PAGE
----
Monday , May 21 2018
Home / EconLog Library / Why Isn’t the Military a Stronger Signal?

Why Isn’t the Military a Stronger Signal?

Summary:
Interesting question from EconLog reader Jonas Graham, reprinted with his permission. ________________________________________________________________________Dear Mr. Caplan,I read your book "The Case Against Education," well, as much as I could read for free off Amazon and Google Books, anyway. :P  I might buy it, eventually...You say that college is the best way to signal to an employer that you are intelligent, conscientious and conform to social norms.  Other ways such as maintaining a Science Fiction blog, copying the dictionary or eating Kosher, despite being a goy, would just come off as "weird".However, there is one way to signal that you are conscientious and conform to social norms, in fact

Topics:
Bryan Caplan considers the following as important:

This could be interesting, too:

Alberto Mingardi writes Can Koch money hijack academia?

Bryan Caplan writes My WSJ Interview/Profile

David Henderson writes Good News on Tuition from the Conversable Economist

Bryan Caplan writes Where Worker Productivity Really Comes From

Interesting question from EconLog reader Jonas Graham, reprinted with his permission.
________________________________________________________________________

Dear Mr. Caplan,

I read your book "The Case Against Education," well, as much as I could read for free off Amazon and Google Books, anyway. :P  I might buy it, eventually...

You say that college is the best way to signal to an employer that you are intelligent, conscientious and conform to social norms.  Other ways such as maintaining a Science Fiction blog, copying the dictionary or eating Kosher, despite being a goy, would just come off as "weird".

However, there is one way to signal that you are conscientious and conform to social norms, in fact *WAAAAY* more than college: enlisting in the military.  The military is very respected and very much not "weird", especially in the US.  Even in the bluest of "blue states", you will see USO lounges at airports, military discounts, etc.  Soldiers work hard, are very disciplined (for example, they have to make their bed every morning, even though it's stupid and there's really no point!) and do they ever conform to social norms!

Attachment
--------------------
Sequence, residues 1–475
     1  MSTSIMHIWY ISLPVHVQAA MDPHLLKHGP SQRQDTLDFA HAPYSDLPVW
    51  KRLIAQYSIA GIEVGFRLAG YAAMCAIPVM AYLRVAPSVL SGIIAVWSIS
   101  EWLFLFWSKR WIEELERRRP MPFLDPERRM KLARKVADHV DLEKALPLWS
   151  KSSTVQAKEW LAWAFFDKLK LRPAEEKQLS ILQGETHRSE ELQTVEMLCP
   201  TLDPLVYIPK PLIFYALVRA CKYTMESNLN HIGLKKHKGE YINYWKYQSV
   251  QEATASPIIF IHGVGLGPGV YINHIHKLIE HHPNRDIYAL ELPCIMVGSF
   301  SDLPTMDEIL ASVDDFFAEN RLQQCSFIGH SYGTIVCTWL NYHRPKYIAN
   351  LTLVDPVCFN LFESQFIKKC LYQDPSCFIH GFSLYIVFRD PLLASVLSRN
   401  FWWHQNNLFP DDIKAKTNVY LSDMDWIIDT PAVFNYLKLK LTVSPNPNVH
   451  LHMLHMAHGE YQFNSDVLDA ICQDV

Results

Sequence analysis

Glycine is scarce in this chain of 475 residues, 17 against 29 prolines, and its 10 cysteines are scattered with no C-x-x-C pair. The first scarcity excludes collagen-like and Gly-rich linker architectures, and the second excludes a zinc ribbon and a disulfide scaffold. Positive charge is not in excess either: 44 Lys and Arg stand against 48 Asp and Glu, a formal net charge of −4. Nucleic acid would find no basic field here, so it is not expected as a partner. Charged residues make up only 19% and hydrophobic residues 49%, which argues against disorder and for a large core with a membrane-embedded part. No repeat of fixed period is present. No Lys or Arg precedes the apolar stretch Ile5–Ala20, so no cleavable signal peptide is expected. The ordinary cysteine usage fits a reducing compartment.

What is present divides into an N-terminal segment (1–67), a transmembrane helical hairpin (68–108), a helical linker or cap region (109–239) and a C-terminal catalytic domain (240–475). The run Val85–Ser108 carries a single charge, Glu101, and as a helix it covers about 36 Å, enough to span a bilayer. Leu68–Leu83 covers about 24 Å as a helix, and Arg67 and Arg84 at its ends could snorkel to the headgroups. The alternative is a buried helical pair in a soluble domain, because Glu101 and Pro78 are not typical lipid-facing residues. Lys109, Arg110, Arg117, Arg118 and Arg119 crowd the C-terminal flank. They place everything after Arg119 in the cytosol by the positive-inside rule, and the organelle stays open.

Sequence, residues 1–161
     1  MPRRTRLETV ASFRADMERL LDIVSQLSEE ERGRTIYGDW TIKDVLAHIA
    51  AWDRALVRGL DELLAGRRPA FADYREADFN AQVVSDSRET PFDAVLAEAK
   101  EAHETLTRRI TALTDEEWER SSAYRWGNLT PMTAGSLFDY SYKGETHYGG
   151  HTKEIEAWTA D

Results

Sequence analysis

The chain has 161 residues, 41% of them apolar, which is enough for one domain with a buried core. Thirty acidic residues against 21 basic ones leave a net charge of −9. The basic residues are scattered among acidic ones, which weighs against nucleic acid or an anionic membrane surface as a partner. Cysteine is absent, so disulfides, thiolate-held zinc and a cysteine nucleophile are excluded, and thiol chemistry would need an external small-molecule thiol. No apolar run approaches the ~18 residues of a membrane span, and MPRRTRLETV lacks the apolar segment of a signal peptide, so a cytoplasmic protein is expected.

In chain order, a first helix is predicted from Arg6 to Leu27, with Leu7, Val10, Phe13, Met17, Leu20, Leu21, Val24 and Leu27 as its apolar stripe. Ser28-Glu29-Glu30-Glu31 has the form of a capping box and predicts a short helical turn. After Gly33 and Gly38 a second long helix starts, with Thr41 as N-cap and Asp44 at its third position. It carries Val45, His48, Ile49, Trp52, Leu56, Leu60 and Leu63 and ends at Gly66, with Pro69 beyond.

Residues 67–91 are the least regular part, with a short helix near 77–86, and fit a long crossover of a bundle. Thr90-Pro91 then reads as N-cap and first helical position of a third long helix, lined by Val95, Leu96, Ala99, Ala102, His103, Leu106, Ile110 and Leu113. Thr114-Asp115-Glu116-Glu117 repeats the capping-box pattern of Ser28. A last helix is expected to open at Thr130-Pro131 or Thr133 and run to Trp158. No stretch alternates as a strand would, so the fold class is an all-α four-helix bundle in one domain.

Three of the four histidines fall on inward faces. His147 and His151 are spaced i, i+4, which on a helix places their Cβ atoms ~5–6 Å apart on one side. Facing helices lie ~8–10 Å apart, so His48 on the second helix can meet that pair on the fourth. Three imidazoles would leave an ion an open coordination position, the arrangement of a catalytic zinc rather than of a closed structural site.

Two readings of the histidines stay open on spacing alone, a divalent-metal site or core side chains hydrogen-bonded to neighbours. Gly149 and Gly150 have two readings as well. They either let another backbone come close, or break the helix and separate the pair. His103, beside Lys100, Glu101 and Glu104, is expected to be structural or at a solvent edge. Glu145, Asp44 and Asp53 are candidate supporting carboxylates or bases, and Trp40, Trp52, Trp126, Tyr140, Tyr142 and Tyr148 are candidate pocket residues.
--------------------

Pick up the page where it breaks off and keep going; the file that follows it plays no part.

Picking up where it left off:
Alas, it doesn't really signal intelligence, but, of the three, that's the easiest to measure: you could just have them do an IQ test.  The military, itself, administers an IQ test, of sorts, called the ASVAB.  Although it would be "weird" to put one's ASVAB score on one's resumé, certain military jobs are reserved for people with high ASVAB scores, for example: Military "Intelligence" and Psy Ops.  Wouldn't somebody with military experience in one of those fields also signal intelligence?

Have you ever come across any data comparing career success of college graduates vs. military vets?  I have found the following anecdotal account about how many employers still prefer a Bachelor's degree to military experience and the author talks about how military experience should signal the same things as a Bachelor's degree, but employers don't seem to "pick up" on these signals.

I have seen your interview on the Rubin Report, by the way, and I know you are a "pacifist" but, considering how big the US military is and how many vets there are, I wonder if you ever looked into this or just what's your take?

Perhaps you talk about this in the parts of the book I missed? :P

Anyway, huge fan!  Thanks for the enlightening read!

Sincerely,

Jonas Graham




Bryan Caplan
Bryan Caplan is Professor of Economics at George Mason University and Senior Scholar at the Mercatus Center. He has published in the New York Times, the Washington Post, the Wall Street Journal, the American Economic Review, the Economic Journal, the Journal of Law and Economics, and Intelligence, and has appeared on 20/20, FoxNews, and C-SPAN. Bryan Caplan blogs on EconLog.

Leave a Reply

Your email address will not be published. Required fields are marked *